Where Is the Antarctic?

Blue stripe, frozen melt water in a white iceberg, Pleneau Bay, Antarctic Peninsula, Antarctica
Kerstin Langenberger/Imagebroker/Getty Images

Question: Where Is the Antarctic?

When talking about wildlife, climate or locations on Earth, you might hear the term "Antarctic." Where is this region? Do any marine life or humans live there? In this article, you can learn more about the Antarctic.



Where Is the Antarctic?

The Antarctic is a term that is used to refer to the Earth's southernmost region - the area south of the Antarctic Circle, which lies at latitude 66° 33′ 39″.

Within this region, is the continent of Antarctica, the South Pole, and the Southern Ocean. The Southern Ocean was designated in 2000 as the ocean around Antarctica, and extends from Antarctica to 60 degrees south latitude.


What Is the Antarctic Like?

The Antarctic is a very cold region. Temperatures as low as -128.6 degrees F have been recorded there (Source: National Geographic). There is also very little rainfall - in fact, Antarctica is considered the world's largest desert. Antarctica is covered in sheets of ice so large that it contains 85% of the world's ice (source: WHOI).

The Antarctic region can experience extremes in daylight - during some seasons, the sun may not set, and during others, the sun may not rise. On the Antarctic Circle, this occurs during the December solstice (on this day, the sun doesn't set) and the June solstice (on this day, the sun doesn't rise).

Through the waters around Antarctica, the Antarctic Circumpolar Current - the world's largest wind-driven current - flows, transporting a huge volume of cold water and creating rough seas.

This current is the only one that flows unobstructed around the Earth, and connects the Pacific, Atlantic and Indian Oceans. This current can affect the climate worldwide (see more on this here).


Antarctic Marine Life

According to the U.S. Department of State, "Antarctica is the coldest, driest, windiest, and most isolated continent on Earth." Despite this uninviting description, many types of marine life thrive in this region.

Marine life that live in the Antarctic region include:

Unlike the Arctic, there are no plants or trees in Antarctica. There aren't any land mammals, either - there are no polar bears here.

Life in Antarctica depends on tiny creatures - plankton. During the winter, less sunlight and cold temperatures result in more ice. Ice covers Antarctica and much of the ocean around it. But it's not a totally barren place - algae are trapped in the ice and live on its edges. Krill huddle under the ice and feed on the algae. When spring comes, the ice begins to melt, and the algae (phytoplankton) thrive in the sunnier, nutrient-rich conditions. Then there is a big phytoplankton "bloom," resulting in even more food for the krill, whose population also explodes. The krill become food for a variety of larger marine life, including penguins, seals, and even whales. You can learn more about this cycle, and view graphics, on the WHOI web site here.


Antarctic Exploration

There are lots of marine life in the Antarctic, especially in the warmer seasons, but do any humans live here? The short answer is yes, although humans are here only temporarily.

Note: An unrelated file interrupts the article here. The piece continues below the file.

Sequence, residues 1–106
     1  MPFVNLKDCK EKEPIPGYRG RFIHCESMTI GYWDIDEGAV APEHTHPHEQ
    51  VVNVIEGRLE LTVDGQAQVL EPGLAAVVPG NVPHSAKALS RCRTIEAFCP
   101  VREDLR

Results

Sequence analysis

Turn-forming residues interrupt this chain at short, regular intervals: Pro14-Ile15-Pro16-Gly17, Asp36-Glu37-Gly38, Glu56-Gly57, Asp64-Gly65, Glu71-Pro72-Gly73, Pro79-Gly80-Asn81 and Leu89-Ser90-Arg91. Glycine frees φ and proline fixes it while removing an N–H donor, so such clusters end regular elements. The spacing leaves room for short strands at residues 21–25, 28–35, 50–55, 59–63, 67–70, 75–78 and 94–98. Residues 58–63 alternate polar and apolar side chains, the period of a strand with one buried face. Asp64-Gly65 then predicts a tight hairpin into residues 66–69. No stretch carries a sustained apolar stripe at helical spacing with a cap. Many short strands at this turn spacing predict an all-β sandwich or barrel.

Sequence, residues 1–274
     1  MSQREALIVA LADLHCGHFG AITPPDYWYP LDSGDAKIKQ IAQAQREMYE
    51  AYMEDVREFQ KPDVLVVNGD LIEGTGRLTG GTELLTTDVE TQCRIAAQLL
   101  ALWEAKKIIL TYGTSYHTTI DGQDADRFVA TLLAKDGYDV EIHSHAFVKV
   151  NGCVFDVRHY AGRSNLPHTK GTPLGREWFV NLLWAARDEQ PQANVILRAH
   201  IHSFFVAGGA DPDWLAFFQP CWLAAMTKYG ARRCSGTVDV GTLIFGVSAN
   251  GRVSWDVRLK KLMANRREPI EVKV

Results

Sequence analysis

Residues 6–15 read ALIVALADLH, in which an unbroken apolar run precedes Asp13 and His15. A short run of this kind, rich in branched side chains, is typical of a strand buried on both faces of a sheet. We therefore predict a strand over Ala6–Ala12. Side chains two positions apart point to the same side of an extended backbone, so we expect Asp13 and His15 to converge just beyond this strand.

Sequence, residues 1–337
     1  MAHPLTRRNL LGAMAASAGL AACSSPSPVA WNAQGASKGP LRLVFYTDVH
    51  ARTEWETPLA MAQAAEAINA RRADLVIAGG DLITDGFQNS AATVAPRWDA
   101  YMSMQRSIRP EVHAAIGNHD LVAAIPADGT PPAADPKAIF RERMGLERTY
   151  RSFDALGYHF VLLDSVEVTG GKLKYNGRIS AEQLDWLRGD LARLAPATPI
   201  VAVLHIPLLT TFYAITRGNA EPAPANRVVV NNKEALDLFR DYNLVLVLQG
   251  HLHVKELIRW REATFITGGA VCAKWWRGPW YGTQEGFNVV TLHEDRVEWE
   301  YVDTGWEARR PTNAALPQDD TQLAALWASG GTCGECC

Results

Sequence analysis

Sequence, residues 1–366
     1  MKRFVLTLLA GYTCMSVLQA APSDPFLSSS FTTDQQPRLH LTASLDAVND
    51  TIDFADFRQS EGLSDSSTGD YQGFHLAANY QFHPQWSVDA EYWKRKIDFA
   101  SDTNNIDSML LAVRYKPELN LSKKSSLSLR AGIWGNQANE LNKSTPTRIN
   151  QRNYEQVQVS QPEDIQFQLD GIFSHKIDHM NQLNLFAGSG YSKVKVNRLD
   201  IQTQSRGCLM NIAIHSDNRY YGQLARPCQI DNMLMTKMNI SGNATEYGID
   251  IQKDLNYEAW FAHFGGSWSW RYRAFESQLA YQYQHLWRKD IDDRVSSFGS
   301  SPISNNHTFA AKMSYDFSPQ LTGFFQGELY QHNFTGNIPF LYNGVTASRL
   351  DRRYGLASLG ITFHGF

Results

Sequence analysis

Antarctica is not owned by any country, and does not have a government. The first person to cross the Antarctic Circle was James Cook in January 1773, but the continent of Antarctica was not discovered until 1821, during an expedition of American explorers led by Captain John Davis.

In December 1911, Norwegian Roald Amundsen became the first person to reach the South Pole. As more people were visiting Antarctica, a treated was developed to guide its exploration and research. In 1959, the Antarctic Treaty was signed by 12 countries (today, 50 have signed-on), who agreed that Antarctica "should be used for peaceful purposes only" and that countries would cooperate on scientific study in Antarctica, and information exchange.

In 1991, the Protocol on Environmental Protection to the Antarctic Treaty was signed.

This protocol designated Antarctica as a “natural reserve, devoted to peace and science.” It also required countries to clean up waste that resulted from human activities (read more about that below).

Today, Antarctica is home to about 100 scientific research stations and camps set up by a number of countries, and is also visited by thousands of tourists annually. To see a list of research facilities, click here - scroll down toward the bottom of the page, where you'll see "View the current list of Antarctic Facilities here."


The Antarctic Region and Conservation

Even this remote place has conservation challenges. Waste left behind by expeditions and scientific research stations needs to be cleaned-up - some countries working on this are Australia, the United States, and the UK.

Manmade pollutants such as pesticides and flame-retardants have also been transported to Antarctica by wildlife, and the water cycle.

Climate Change, and its effects on the amount of ice in the Antarctic would also affect this region and its inhabitants.


References and Further Information